Protected areas can and do contribute to both improved livelihoods and improved conservation, but biodiversity continues to decline across most the Southern African region. A new strategy for protected areas for this region is therefore urgently needed. This is one of the most important messages highlighted by the participants at the High Level Dialogue on Improving Protected Area Governance for Livelihood Security and Biodiversity in Southern Africa (21-22 May 2014, Windhoek, Namibia).
The Dialogue, financially supported by the Arcus Foundation and the BIOPAMA programme (an initiative of the Africa, Caribbean and Pacific - ACP Secretariat and funded by European Union) was a culmination of work undertaken by the IUCN ESARO Conservation Areas and Species Diversity programme in close liaison with the SADC Secretariat, IUCN Global Programme on Protected Areas and various IUCN Commissions and Member organizations in the region. The event was co-convened by IUCN and the Ministry of Environment and Tourism of the Republic of Namibia, with the participation of Honorable Uahekua Herunga, the Namibian Minister of Environment and Tourism.
The objectives of the Dialogue were to take stock of protected area governance in the SADC region in order to critically assess how protected areas are delivering benefits for local communities and for biodiversity. Delegates also discussed priorities for enhancing the resilience of protected areas to future pressures and challenges. The expected outcome is a statement from the region, taken to the global forum at the IUCN World Parks Congress 2014 that outlines the strategic priorities and recommendations for improved protected area governance over the coming decade.
Attended by delegates from across the SADC region, including representatives from governments, NGOs, development partners, the private sector and inter-governmental organizations, the two-day event provided examples from across the region, both successes and failures, of how protected areas are performing with regard to delivering benefits to local communities and for biodiversity, and offered the opportunity for a dialogue on the challenges protected areas are facing in the region.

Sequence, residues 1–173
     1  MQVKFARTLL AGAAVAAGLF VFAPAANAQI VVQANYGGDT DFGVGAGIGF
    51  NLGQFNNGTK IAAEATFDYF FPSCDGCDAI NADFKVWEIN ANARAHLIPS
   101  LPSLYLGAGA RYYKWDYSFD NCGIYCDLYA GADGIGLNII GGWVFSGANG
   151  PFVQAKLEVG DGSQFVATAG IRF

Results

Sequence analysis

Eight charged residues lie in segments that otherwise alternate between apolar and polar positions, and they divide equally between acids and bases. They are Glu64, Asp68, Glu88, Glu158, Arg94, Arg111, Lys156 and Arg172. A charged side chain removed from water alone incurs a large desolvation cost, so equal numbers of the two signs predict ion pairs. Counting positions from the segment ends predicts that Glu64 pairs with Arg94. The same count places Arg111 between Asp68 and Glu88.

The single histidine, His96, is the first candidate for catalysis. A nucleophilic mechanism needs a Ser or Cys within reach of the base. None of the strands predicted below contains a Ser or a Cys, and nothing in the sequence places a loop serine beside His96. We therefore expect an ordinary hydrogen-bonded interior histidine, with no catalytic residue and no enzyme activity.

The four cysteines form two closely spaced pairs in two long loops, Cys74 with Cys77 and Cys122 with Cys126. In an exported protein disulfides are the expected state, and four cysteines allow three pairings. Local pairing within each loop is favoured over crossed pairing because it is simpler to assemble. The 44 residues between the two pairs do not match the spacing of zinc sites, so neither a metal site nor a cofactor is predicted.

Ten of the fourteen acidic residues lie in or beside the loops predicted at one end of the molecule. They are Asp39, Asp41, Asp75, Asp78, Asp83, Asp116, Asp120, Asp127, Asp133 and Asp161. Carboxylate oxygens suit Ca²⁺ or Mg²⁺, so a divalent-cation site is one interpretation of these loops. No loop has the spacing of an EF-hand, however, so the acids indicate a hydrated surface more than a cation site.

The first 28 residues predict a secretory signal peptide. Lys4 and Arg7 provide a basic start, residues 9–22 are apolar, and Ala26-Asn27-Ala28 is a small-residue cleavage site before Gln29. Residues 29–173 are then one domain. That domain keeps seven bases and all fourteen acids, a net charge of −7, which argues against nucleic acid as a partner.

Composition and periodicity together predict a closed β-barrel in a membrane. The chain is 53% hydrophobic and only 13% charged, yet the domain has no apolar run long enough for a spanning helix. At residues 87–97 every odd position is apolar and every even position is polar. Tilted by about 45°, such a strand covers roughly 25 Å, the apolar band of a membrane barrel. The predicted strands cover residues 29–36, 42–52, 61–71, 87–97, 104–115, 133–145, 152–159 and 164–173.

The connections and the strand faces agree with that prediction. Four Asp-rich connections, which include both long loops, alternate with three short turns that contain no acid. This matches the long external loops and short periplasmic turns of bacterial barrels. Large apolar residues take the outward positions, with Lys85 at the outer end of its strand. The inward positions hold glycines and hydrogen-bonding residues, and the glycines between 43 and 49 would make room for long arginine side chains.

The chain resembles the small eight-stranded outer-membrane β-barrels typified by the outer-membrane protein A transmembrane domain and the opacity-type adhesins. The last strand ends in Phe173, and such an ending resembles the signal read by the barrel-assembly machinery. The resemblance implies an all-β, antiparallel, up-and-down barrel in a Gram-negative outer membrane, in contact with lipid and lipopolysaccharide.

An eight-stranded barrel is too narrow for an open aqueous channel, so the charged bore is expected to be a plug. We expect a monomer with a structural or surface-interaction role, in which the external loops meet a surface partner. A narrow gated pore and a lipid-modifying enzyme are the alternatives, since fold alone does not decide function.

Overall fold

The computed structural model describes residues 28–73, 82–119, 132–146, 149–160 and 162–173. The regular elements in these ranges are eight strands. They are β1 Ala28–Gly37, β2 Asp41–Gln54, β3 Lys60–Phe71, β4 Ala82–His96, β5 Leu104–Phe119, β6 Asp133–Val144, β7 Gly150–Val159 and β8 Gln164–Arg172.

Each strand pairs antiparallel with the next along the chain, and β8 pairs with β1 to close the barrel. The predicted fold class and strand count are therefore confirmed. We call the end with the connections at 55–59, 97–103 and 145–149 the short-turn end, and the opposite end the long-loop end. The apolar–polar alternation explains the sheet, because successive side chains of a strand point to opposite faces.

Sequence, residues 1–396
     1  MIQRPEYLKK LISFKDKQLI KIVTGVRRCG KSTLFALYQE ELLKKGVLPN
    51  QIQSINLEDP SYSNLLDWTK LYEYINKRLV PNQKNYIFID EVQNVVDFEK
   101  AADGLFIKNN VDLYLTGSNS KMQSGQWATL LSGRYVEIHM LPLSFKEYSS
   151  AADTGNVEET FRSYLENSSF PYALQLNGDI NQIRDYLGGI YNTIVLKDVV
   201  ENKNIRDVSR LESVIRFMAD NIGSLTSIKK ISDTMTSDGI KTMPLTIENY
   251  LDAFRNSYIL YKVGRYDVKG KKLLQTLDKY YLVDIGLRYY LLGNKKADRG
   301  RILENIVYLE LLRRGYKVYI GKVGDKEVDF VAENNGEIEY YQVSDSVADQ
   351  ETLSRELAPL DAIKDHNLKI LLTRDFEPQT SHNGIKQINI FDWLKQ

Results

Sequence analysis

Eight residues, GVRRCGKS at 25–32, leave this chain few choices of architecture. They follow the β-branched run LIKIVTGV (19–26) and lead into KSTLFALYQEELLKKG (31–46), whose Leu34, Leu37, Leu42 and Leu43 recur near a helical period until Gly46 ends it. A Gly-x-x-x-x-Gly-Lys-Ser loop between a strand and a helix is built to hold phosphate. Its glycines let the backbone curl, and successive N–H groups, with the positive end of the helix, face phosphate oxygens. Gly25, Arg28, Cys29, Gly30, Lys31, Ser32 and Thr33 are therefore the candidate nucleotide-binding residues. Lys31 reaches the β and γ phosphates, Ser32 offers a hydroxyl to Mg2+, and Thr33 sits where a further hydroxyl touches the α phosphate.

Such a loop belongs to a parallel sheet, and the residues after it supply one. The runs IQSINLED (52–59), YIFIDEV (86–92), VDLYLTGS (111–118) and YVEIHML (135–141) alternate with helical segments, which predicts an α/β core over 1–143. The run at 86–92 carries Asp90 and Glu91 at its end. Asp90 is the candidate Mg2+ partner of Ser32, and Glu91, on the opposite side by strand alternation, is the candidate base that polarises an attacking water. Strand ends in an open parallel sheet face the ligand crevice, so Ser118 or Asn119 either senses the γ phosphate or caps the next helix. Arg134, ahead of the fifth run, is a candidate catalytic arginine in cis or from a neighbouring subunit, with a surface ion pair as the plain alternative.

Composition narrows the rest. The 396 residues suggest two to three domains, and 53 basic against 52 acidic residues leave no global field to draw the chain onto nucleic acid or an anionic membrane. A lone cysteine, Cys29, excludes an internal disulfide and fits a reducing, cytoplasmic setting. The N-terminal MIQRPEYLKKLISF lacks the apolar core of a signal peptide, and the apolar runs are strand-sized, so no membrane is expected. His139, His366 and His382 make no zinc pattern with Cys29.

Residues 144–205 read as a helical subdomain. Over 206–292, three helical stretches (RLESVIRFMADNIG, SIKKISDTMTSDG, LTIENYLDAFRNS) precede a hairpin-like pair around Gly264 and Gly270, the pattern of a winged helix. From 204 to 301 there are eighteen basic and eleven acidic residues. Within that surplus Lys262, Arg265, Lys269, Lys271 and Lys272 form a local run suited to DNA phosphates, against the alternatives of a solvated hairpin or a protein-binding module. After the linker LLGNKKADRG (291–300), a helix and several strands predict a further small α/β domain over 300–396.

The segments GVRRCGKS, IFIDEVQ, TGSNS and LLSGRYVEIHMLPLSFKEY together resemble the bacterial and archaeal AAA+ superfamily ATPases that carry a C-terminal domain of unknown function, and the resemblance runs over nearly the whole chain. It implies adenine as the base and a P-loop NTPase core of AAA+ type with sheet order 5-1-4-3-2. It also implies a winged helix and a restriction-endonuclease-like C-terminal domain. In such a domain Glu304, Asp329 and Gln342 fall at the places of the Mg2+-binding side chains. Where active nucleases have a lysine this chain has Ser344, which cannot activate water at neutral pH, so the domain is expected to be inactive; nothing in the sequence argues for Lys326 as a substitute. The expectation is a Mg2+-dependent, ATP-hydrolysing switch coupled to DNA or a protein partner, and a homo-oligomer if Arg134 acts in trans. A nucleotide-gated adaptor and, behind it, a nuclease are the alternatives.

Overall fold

A special session on “protected area- land/resource use conflicts” drew attention to a number of specific challenges, including: human-wildlife conflict; competition for water; wildlife-livestock disease transmission; and contested rights to land and wildlife. Potential strategies to mitigate the impacts of these conflicts on protected areas, communities, and biodiversity were explored, while recognizing that pressures such as climate change and the accelerating conversion of land into uses that are biodiversity-incompatible are likely to further exacerbate these conflicts in the future.
There was a clear consensus that while there are many success stories demonstrating how protected areas can and do contribute to both improved livelihoods and improved conservation, biodiversity continues to decline across most the region, and current protected area governance systems are unlikely to be resilient enough to be able withstand the growing pressures placed on them over the coming decade. A new strategy for protected areas for southern Africa is therefore urgently needed. This needs to emerge from a broader dialogue with more diverse sectors in society and needs to incorporate and enable the full range of protected area categories and governance types and be fully integrated into development planning, taking into account the realities of rapidly transforming land and seascapes.